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Am J Kidney Dis. 2006 Mar;47(3):419-27.

Proposed pathogenesis of idiopathic loin pain-hematuria syndrome.

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Department of Internal Medicine, The Ohio State University, Columbus, OH 43210, USA.



To study loin pain-hematuria syndrome (LPHS) pathogenesis, we evaluated 43 consecutive patients for whom urological evaluation failed to disclose the cause of their recurrent flank pain and hematuria. Each underwent percutaneous kidney biopsy. In 9 patients, the biopsy specimen showed immunoglobulin A nephritis, an established cause of LPHS. We suggest these cases be designated secondary LPHS. They are not included in this analysis. The remaining patients (N = 34) are designated idiopathic (primary) LPHS. They are the basis of this report.


Demographics of patients with primary LPHS are mean age of 30.8 +/- 10.3 years; 74% women; 94% white; and history of kidney stones, 47%, although none was obstructing.


Primary LPHS kidney biopsy specimens showed red blood cells (RBCs) in multiple tubules, consistent with glomerular hematuria. Glomeruli were normal by means of light and immunofluorescent microscopy; however, more than 50% of biopsy specimens showed unusually thin or thick glomerular basement membranes. To assess whether the biopsy itself caused RBCs in tubules, we compared RBCs in renal tubular cross-sections from primary LPHS biopsies with those of normal kidneys (donors, n = 10). The mean percentage of tubular cross-sections containing RBCs was greater in primary LPHS than normal specimens (7.2% +/- 6.5% versus 1.6% +/- 1.0% [SD]; P < 0.0001), confirming glomerular hematuria in patients with primary LPHS.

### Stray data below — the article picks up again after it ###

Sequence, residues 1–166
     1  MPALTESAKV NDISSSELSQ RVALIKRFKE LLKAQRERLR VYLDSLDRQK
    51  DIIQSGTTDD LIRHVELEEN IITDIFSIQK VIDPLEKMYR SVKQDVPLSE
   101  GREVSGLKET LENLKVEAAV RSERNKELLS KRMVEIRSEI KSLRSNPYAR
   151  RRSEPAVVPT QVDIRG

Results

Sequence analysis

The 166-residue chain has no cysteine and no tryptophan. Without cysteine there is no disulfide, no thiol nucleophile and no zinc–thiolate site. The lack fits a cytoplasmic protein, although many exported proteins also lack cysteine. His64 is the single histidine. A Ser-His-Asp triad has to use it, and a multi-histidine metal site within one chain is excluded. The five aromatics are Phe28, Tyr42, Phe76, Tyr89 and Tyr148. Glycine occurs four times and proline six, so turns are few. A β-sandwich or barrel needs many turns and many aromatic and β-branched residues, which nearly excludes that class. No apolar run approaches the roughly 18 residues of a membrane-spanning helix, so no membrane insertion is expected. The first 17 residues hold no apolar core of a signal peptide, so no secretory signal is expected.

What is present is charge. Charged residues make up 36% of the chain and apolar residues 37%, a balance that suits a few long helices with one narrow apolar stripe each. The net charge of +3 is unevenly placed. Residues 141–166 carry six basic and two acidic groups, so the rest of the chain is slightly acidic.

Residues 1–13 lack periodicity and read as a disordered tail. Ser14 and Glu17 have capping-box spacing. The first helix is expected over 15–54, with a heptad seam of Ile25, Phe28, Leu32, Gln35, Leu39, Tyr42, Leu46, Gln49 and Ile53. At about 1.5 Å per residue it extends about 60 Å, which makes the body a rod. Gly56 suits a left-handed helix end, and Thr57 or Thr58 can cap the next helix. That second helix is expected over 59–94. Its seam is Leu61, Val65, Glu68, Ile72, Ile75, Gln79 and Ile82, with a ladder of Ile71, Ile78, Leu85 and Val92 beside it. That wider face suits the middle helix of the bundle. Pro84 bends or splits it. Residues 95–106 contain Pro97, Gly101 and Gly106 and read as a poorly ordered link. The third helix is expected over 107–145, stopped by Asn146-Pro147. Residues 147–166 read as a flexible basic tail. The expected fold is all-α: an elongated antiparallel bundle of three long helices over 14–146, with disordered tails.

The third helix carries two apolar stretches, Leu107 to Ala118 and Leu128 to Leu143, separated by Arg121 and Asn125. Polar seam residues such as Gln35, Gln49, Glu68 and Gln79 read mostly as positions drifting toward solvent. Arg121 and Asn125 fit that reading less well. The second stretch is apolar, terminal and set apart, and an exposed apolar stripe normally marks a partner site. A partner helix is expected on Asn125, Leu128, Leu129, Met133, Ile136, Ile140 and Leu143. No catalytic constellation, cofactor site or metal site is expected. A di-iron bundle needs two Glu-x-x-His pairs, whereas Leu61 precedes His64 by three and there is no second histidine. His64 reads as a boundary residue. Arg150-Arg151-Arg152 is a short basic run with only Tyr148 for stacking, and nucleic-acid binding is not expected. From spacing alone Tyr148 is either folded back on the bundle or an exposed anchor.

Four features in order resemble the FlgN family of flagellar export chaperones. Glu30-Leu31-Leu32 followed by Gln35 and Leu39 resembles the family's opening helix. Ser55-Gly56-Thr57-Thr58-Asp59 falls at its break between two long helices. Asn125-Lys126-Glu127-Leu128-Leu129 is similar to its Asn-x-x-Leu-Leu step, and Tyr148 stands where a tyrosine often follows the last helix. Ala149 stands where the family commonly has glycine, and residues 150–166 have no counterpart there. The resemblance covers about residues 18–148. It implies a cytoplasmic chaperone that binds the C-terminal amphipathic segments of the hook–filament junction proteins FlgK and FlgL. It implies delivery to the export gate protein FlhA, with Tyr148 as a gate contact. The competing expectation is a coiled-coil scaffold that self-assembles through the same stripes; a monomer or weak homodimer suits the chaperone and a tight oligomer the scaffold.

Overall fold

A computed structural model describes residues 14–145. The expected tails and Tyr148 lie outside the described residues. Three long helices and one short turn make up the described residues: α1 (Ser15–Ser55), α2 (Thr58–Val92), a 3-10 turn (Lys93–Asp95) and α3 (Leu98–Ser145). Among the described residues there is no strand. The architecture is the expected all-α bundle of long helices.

Primary LPHS pathogenesis includes glomerular hematuria, apparently from structurally abnormal glomerular basement membrane. Primary LPHS pain may be initiated by obstructing RBC casts and perhaps microcrystals in those with a history of urolithiasis. Nevertheless, other factors are needed to explain the severe pain in patients with primary LPHS.

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